6. I feel the same way about dreams, we need to think on them to find the unique meaning of them. I dreamed once about a dream dictionary, a giant hand came out of the sky and knocked the dream dictionary out of my hand and a loud voice proclaimed, “No! Think!” The pages of the dictionary scattered in the wind.

  7. Maybe this sounds a little bit crazy but I wounder now whether I’itoi has connected you in your dreams with nature’s movements and showed a tsunami coming up..
    I mean when I watched the worldnews this morning I felt shocked and later in the day I remembered the dream your wrote about…
    Just a humble idea.

    • I hadn’t thought of that at all, being selfish and thinking the dream was about me, but dreams take away the idea of a time continuum as well as a space continuum. Einstein was quick to say “The distinction between past, present, and future is only a stubbornly persistent illusion.”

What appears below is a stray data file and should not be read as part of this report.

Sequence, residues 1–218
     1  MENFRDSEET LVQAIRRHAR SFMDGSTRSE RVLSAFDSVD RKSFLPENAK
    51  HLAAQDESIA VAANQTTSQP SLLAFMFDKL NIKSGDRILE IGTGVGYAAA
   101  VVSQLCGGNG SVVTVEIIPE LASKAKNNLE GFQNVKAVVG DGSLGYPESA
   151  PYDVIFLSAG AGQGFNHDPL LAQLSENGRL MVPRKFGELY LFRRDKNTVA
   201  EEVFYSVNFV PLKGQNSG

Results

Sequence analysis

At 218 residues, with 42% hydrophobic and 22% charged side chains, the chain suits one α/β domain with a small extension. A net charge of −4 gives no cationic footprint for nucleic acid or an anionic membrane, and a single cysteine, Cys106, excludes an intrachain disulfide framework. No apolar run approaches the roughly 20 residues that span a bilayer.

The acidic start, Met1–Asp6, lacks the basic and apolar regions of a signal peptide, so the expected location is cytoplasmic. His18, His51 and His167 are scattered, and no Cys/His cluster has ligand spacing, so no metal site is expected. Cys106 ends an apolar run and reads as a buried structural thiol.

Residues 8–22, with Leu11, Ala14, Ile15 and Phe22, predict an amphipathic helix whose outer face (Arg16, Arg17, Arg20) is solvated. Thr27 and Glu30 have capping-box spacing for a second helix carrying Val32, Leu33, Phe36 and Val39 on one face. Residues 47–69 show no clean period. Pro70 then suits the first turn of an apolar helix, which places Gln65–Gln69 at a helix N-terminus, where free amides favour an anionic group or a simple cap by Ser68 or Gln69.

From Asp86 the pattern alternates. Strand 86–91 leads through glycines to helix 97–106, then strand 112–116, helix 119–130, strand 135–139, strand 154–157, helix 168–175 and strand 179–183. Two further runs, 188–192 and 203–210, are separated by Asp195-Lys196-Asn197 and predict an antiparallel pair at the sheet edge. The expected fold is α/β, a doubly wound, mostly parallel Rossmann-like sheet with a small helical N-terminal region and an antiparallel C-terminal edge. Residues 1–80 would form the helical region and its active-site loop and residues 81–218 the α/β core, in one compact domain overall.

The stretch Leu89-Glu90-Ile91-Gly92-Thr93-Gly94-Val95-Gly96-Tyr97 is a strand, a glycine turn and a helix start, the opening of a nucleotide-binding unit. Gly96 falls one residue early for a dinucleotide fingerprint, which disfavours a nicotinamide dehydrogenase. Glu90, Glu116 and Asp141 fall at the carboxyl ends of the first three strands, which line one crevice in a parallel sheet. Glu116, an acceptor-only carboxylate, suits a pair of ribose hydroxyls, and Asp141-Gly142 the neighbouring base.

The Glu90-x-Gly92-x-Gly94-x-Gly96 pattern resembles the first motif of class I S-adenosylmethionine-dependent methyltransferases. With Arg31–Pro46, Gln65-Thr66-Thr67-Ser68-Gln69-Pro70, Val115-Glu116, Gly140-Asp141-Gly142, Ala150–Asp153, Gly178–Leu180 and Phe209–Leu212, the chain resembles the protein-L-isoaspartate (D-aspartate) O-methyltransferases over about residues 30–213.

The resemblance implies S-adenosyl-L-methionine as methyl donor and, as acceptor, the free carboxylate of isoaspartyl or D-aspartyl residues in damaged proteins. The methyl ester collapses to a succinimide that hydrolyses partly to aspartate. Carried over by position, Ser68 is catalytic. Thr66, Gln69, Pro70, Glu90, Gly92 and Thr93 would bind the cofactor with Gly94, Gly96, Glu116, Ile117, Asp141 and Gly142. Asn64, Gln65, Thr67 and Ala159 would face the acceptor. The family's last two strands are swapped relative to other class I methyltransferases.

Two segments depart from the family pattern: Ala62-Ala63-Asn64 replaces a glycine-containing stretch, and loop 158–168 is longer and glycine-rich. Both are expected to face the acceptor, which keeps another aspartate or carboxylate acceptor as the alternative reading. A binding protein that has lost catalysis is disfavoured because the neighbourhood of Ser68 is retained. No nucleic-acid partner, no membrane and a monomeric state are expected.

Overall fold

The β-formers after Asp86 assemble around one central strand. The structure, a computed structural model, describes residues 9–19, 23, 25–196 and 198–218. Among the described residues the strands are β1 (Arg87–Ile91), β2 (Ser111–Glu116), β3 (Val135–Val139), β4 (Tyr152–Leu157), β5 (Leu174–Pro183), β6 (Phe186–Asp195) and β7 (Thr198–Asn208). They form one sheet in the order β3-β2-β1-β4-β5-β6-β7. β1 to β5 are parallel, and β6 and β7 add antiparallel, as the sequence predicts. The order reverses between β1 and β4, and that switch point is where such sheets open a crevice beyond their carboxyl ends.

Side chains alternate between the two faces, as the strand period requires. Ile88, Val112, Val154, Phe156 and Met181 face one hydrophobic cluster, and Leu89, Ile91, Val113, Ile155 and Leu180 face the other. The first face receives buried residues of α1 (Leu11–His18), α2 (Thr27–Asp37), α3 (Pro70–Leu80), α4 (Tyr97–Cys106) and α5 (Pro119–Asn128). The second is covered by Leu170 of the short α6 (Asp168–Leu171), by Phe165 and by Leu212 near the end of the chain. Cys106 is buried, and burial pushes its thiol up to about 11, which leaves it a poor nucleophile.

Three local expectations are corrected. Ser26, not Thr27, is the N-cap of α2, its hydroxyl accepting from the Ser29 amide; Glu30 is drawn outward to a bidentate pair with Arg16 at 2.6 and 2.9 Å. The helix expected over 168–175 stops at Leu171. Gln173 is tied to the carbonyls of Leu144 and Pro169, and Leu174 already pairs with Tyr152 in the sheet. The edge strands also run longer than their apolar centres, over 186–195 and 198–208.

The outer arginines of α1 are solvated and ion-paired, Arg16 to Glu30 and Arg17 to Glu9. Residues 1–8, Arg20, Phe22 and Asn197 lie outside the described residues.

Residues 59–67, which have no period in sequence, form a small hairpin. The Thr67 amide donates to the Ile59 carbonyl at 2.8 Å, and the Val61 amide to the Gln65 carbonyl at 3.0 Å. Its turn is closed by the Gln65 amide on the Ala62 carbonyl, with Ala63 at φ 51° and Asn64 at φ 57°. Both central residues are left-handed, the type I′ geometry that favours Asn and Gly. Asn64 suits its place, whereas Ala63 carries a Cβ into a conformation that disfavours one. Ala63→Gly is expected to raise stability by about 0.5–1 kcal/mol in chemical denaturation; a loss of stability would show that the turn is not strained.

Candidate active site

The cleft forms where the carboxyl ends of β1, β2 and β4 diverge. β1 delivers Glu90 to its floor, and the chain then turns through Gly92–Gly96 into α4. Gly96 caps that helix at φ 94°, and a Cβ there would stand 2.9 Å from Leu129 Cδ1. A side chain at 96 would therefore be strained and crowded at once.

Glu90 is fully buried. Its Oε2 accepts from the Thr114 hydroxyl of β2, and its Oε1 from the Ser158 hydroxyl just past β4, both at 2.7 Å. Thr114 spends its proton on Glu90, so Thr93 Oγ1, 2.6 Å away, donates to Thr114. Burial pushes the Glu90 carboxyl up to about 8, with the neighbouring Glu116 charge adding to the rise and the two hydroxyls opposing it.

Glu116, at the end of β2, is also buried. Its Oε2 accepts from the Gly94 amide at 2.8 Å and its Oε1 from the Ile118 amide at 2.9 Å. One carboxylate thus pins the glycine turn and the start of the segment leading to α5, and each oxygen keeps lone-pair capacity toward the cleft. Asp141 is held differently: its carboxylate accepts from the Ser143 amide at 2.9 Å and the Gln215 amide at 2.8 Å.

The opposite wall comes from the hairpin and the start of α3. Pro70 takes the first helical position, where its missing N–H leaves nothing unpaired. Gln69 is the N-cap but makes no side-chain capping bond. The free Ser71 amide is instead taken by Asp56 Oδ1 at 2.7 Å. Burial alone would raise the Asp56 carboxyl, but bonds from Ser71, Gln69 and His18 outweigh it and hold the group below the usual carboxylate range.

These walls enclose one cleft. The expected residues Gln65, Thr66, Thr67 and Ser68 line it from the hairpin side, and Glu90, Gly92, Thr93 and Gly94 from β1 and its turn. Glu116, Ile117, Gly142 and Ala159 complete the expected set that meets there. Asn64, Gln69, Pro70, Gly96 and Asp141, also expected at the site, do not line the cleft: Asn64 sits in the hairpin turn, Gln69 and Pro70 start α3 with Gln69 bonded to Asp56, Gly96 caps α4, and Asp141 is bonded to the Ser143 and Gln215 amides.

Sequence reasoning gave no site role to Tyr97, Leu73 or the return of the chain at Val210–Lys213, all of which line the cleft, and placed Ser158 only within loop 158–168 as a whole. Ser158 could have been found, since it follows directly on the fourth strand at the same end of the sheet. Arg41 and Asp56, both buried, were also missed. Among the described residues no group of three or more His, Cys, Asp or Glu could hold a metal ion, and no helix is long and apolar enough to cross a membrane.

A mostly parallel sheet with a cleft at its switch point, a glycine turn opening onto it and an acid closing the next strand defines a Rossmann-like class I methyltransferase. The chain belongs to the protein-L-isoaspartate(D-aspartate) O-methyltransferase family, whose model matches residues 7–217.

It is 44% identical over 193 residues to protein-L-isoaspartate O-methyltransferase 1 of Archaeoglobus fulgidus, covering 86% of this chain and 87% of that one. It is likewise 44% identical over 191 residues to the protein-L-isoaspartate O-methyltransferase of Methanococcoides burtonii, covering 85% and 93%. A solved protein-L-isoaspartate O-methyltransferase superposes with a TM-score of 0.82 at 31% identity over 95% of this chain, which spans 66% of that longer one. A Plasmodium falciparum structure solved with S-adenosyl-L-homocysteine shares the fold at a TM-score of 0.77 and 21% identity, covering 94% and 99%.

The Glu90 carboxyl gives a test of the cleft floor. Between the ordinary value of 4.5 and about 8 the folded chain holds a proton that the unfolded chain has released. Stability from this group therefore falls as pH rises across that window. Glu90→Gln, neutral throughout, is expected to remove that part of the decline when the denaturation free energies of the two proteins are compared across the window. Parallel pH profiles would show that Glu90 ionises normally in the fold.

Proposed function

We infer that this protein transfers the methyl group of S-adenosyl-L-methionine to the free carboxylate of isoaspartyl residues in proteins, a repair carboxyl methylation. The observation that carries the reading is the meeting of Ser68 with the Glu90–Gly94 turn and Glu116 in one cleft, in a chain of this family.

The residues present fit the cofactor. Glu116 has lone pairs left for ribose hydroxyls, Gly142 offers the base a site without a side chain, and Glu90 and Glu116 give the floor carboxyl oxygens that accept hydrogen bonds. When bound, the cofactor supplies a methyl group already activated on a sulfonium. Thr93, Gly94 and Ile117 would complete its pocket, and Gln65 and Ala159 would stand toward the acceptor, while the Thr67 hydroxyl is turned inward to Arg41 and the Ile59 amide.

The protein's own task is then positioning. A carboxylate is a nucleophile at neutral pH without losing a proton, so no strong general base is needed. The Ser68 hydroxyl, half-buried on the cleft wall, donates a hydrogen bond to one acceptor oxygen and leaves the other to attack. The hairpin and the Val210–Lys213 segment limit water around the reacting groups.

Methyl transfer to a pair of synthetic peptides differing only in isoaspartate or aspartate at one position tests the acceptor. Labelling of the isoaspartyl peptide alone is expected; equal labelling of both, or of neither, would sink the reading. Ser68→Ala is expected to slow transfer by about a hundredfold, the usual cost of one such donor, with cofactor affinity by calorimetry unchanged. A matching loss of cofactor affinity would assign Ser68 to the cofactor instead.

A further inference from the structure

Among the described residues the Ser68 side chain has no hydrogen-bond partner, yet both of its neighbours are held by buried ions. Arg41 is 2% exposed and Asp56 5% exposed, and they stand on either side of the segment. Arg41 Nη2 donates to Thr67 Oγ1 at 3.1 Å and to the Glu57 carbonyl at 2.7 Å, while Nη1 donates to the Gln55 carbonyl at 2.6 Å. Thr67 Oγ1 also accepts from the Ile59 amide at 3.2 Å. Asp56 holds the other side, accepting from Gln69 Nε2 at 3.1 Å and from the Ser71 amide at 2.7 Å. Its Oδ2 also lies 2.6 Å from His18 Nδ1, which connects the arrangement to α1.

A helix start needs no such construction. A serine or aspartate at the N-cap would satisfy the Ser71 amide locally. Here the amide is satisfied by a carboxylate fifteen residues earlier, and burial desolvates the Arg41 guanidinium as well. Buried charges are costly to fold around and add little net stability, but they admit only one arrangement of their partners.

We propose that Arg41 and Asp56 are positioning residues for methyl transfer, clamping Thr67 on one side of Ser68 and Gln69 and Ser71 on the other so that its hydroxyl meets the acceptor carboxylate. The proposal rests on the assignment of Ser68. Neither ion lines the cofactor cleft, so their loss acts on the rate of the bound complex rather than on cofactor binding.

8. Wow…love this post…that connection with you through dreaming is back…I feel a strong pull to read about your dreaming and wonder on its meaning for you. Just thought today about one VERY strong dream I recently had. I received many real life connections, and discoverd some profound answers for myself.

    I am now really thinking about “dreaming my life awake” and wonder about the bears from my dreams…they are like shape shifters…very real, perhaps only appear as bears, and even if all of the bears become extinct, I would still connect to “bear”….the ideas behind the image I perceive. Thinking more on this one….

    s